Very little is known for certain about Pontius Pilate, the fifth prefect of Judea and the man who crucified Christ. This hasn't stopped writers in every age, from the evangelists onwards, from imagining his life. Each generation has unloaded on to Pilate its own hopes, fears, prejudices, and obsessions. Yet he was probably an average, even ordinary, Roman advisor.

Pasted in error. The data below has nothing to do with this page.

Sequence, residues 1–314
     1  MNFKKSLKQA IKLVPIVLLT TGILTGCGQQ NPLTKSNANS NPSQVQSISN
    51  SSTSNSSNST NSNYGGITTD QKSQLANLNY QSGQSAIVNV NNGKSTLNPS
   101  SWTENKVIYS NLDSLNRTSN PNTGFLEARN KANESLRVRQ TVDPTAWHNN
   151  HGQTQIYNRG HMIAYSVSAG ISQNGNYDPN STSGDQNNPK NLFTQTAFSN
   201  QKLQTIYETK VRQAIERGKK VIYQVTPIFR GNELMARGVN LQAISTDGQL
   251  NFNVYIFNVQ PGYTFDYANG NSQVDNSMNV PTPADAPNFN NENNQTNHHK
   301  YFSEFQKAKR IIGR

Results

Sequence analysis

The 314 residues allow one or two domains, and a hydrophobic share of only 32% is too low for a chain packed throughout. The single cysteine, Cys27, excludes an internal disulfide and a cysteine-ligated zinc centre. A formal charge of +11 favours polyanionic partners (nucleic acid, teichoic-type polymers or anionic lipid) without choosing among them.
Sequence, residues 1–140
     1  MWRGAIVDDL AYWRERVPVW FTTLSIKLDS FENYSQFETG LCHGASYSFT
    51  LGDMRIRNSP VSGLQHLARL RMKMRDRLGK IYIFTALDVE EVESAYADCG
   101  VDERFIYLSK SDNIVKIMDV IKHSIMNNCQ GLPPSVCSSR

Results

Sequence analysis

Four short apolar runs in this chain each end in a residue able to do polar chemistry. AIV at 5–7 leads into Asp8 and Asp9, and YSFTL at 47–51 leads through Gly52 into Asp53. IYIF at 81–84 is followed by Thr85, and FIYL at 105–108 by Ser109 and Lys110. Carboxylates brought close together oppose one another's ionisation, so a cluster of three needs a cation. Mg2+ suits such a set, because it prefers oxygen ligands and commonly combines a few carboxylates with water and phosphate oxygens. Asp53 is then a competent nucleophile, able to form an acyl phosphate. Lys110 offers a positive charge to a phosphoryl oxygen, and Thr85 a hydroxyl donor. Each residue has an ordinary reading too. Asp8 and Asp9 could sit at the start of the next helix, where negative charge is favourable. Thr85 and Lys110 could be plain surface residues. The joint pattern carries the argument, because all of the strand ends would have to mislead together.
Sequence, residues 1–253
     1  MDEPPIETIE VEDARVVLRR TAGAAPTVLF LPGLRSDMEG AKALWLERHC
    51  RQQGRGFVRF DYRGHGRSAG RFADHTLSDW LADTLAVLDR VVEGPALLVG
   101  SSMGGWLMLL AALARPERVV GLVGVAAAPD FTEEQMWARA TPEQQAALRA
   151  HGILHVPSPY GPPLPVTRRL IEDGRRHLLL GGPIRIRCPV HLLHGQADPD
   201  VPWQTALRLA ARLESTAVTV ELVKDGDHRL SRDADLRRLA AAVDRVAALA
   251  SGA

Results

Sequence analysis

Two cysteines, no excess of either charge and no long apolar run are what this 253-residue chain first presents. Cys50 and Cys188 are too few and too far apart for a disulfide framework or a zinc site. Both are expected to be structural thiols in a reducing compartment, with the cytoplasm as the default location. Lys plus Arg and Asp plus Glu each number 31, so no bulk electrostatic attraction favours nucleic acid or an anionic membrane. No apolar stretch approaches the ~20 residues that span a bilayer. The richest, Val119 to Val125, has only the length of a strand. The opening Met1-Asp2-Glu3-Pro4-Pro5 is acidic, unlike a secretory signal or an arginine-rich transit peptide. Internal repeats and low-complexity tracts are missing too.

This is the story, as far as it can be reconstructed from archaeology and from classical sources, of the man Pilate might have been: his likely background, his career, his duties, his failings, his fears, and the attitude he might have had to the various forms of thinking he encountered in Judea. This was, after all, only a man. But, according to much Christian theology, he was fingered by God to carry out the divine plan of salvation just as clearly as Christ was. Ann Wroe shows how, in his struggles with fate and free will, Pilate's story has also become the story of ourselves.